A – research concept and design; B – collection and/or assembly of data; C – data analysis and interpretation; D – writing the article; E – critical revision of the article; F – final approval of the article


dures.7 Lasers are one of these options that provide many enhancements to clinical and surgical biopsy procedures in comparison to scalpels. A high degree of decontamina-tion of the surgical area, minimal postoperative bleed-ing, and reduction of inflammation and postoperative pain have been described in studies about lasers used for biopsies.8–14

There are more than 10 different laser devices for dental use.9,15 The carbon dioxide (CO2) laser is characterized by high affinity to water and has become one of the favorite instruments for the treatment of benign lesions, such as fi-bromas, papillomas, labial and lingual mucosal frenula and gingival hyperplasia, as well as for premalignant lesions such as oral leukoplakias.3,16–19 In general, cutting with a laser is accomplished through the photothermal effect, which is the conversion of light into thermal energy that heats the target tissue and eventually leads to the cutting action. Consequently, thermal effects occur at the periph-ery in the collected specimens.3,11 These thermal effects may result in creating tissue artefacts that lead to altera-tions in the histopathological evaluation and confusion for pathologists.1,9

Thus, it is important to evaluate the thermal effects of CO2 lasers on the peripheral margins of specimens in or-der to assess if the CO2 laser is a reliable tool for biopsy procedures. The aim of the present study was to quan-tify the thermal artefacts in histological specimens ob-tained by CO2 lasers from different oral mucosal lesions and to evaluate if the resulting thermal effect will hinder the histological examination. This aim was accomplished through quantitatively and qualitatively assessing the ther-mal effect in both the epithelium and connective tissue.

Material and methods

Ten oral lesions from 10 different patients, 5  males and 5 females, ranging in age from 23 to 72 years (mean: 48.5 years) were examined. The cases included 1 carcinoma in situ, 2 mucocele, 4 focal fibrous hyperplasia, 1 kaposiform hemangioendothelioma, 1 peripheral giant cell granuloma, and 1 granular cell tumor. The lesions were distributed as follows: 3 cases from buccal mucosa, 3 cases from the at-tached gingiva and 4 cases from the labial mucosa. The bi-opsy procedures were conducted at our outpatient clinic.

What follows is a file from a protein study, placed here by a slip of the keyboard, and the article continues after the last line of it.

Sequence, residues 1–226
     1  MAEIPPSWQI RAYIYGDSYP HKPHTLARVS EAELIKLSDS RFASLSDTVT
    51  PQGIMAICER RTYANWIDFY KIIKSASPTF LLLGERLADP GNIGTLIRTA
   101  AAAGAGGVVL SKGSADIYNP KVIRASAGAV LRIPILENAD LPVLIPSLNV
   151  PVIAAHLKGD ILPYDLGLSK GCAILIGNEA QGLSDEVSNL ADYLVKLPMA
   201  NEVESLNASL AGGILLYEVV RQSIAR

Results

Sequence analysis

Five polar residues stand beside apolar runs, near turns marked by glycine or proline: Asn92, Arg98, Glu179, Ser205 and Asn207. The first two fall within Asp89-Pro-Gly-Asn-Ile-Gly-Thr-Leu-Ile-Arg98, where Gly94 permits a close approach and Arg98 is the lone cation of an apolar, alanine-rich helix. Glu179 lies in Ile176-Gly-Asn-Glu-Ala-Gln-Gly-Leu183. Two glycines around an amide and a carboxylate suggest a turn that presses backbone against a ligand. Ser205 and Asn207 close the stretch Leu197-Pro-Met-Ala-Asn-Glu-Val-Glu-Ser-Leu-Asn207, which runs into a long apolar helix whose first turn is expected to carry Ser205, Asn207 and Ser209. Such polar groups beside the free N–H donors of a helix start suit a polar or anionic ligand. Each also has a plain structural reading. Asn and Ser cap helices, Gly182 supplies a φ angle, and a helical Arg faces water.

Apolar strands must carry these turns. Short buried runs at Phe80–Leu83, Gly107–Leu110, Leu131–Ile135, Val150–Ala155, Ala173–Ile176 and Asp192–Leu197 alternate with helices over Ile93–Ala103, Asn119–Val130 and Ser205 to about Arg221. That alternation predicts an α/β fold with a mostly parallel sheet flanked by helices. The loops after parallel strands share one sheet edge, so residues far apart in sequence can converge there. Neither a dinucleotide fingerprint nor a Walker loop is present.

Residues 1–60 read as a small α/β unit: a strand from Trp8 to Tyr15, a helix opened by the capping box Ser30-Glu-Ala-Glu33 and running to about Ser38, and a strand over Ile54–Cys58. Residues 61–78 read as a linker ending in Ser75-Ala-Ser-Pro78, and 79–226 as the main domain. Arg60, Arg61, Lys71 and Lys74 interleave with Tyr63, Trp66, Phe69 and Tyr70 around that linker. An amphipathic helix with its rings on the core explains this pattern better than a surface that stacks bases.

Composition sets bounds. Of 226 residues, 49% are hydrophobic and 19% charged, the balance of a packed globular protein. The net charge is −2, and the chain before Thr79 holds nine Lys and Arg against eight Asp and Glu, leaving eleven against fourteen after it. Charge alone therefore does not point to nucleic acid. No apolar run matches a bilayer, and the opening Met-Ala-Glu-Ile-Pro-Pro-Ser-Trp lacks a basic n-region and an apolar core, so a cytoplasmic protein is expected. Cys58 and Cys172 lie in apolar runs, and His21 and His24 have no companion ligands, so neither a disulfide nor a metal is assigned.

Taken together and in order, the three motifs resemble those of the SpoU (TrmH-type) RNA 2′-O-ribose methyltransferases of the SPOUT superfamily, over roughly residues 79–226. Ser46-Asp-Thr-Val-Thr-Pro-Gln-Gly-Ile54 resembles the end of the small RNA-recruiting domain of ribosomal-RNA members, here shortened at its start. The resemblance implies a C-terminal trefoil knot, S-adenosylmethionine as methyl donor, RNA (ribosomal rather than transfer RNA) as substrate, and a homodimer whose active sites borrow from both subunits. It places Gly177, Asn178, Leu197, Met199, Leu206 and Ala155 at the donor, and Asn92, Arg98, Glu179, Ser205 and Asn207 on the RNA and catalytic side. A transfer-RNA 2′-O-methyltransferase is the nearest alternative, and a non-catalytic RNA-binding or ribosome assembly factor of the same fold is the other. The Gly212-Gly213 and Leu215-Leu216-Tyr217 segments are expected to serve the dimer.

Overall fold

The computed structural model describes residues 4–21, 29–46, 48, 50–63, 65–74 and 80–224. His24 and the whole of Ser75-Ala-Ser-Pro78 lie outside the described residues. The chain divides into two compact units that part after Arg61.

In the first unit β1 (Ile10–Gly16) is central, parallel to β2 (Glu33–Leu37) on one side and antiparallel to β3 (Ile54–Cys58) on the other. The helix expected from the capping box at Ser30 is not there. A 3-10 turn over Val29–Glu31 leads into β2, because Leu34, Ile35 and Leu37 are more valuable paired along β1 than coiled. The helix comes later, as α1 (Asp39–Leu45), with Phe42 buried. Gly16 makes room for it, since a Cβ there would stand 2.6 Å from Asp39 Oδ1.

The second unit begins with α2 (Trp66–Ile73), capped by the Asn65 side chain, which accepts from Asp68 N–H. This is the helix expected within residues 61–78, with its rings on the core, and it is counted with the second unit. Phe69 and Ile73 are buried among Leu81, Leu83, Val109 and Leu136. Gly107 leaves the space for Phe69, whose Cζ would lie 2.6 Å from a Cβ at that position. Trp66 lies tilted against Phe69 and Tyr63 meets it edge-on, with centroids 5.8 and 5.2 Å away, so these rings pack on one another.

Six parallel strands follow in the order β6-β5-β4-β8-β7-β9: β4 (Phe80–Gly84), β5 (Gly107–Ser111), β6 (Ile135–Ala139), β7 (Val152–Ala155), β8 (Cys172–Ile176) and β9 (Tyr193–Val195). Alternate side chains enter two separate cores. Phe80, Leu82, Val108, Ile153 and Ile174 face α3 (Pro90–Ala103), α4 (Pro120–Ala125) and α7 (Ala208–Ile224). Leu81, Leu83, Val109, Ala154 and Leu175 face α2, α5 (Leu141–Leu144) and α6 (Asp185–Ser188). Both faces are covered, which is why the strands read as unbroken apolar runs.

Before the biopsy procedures, all patients were informed about the advantages and disadvantages of laser surgery. They signed an informed consent form. The study was

of mepivacaine solution containing 1:100,000 epinephrine by the same surgeon under similar conditions.

A super-pulsed CO2 laser (Smart US20D; DEKA Laser, Florence, Italy) with the following characteristics was used to perform the biopsy: wavelength of 10,600 nm, frequency range between 5 Hz and 100 Hz, and pulse length range between 200 μs and 80 ms. The efficiency of power trans-fer was measured to be greater than 85%. The 15% power loss was balanced by a suitable calibration of the internal pump to avoid dust and particle deposition over the lens-es during operation.3 All the samples were excised using dental handpiece focal 2″ with non-contact tip (tip with a mirror to deflect the laser of 120°) with a power of 4.2 W in focused mode with spot diameter between 0.2 mm and 0.4 mm at a distance of 2 mm to 4 mm from the tip and a frequency of 80 Hz in super-pulse mode.